Friday, June 5, 2009

Six magical Spoleto moments

What I'll remember about this year's festivals

Posted by John Stoehr on Fri, Jun 5, 2009 at 4:12 PM


A.E. Housman knew a poem was good if he thought of it while shaving and it made his skin bristle. Bottom line: Who can say what's good art and what's not good art? When the stage goes dark, the critics stop writing, and the festival starts planning for next year, what are you going to remember? I suspect shows that sent a tingle down your spine. We can argue about aesthetics, but no one can tell you how you felt. Here are five shows that did for me what good poetry did for Housman (though I wasn't shaving at the time; I was watching the shows, but you knew that already).

The silver-maned fox with wide-open eyes appearing, disappearing, and reappearing amid gorgeous and ornately decorated slides all accompanied by an exotic three-string Japanese guitar. Just magical.

Don John
The dead father of one of Don John's conquests dressed in his Army finest and standing beneath a high light with snow gently falling on his head. It's a hallucination, for sure, but a beautiful image, too.

Good Cop Bad Cop
A women pretending to be a cat who is preparing to pounce on a rolled up piece of tape. On the wall behind her, we see the the same woman in a video interview recounting the experience that we are about to see, as if she were on a reality TV show. She says: "Oh, yeah. I was all about that."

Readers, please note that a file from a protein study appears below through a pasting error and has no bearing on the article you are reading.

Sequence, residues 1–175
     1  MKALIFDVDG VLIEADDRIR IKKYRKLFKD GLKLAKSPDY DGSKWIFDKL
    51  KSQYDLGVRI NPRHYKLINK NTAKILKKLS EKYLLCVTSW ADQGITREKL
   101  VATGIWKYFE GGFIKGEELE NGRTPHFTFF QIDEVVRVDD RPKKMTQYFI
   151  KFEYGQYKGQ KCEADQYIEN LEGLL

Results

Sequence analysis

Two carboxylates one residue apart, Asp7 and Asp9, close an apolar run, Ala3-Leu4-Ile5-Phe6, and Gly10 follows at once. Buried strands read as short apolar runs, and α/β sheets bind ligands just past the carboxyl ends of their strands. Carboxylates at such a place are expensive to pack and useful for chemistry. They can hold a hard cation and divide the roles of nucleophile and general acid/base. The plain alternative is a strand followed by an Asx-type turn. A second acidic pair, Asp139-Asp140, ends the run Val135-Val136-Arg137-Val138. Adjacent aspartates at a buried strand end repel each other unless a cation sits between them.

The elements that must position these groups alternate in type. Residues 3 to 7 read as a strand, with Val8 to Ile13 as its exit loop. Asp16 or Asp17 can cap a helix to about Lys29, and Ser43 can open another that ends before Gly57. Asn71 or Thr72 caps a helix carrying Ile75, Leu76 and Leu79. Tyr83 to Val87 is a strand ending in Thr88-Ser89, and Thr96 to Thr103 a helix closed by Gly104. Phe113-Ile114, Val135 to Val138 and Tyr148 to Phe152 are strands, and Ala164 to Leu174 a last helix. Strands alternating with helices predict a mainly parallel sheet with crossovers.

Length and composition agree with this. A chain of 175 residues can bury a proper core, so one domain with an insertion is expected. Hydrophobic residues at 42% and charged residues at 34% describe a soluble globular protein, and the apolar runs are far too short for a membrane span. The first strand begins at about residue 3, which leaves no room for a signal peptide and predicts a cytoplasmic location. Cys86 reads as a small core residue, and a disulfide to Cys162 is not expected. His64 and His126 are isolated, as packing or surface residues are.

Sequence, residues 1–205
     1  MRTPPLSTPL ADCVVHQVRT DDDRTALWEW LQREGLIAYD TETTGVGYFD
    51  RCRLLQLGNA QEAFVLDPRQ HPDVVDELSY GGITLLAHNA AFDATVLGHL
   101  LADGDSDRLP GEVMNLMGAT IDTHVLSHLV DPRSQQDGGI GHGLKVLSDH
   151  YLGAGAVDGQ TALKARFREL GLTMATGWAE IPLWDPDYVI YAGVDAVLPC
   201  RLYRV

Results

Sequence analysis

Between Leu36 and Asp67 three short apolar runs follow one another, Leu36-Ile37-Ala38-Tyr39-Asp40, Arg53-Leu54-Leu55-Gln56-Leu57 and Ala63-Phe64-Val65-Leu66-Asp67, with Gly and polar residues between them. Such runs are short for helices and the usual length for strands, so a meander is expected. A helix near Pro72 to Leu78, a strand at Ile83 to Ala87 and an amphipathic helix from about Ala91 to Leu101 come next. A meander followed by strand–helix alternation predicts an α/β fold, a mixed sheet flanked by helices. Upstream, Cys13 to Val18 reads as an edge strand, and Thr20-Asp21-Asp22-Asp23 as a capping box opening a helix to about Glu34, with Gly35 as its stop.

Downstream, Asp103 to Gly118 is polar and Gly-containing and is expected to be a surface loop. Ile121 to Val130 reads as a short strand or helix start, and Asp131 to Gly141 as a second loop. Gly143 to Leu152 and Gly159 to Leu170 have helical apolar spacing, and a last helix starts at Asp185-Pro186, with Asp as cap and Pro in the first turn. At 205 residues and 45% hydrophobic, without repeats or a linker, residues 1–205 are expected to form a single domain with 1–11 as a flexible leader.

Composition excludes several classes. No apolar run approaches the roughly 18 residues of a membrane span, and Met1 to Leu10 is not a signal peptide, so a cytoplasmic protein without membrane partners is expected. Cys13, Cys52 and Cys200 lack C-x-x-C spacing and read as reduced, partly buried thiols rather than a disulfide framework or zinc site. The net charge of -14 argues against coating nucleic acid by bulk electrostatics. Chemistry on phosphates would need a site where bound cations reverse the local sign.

Story of a Rabbit
Hugh Hughes putting on his tie while at the same time a video is projected on the wall behind him of his dead father putting on his tie. The resemblance is striking — and the metaphor so deeply moving.

• Cedar Lake Contemporary Ballet
Two dancers who seem to be lovers move as if they are one body, then two, and then one again. They break from each other and she steps against a shadow, which turns out to be another dancer — perhaps her secret lover. The trick of light was stunning and marvelous.

Sheep's Clothing
Paul Whitty, as the overweight and underpaid Luggs, has just witnessed his friends getting an ass-kicking by the traitor in their midst. "Oh, hell," he says, after a long pause. He can't let his friends down, so he steps up to get his ass kicked too. A hilarious display of loyalty and friendship.

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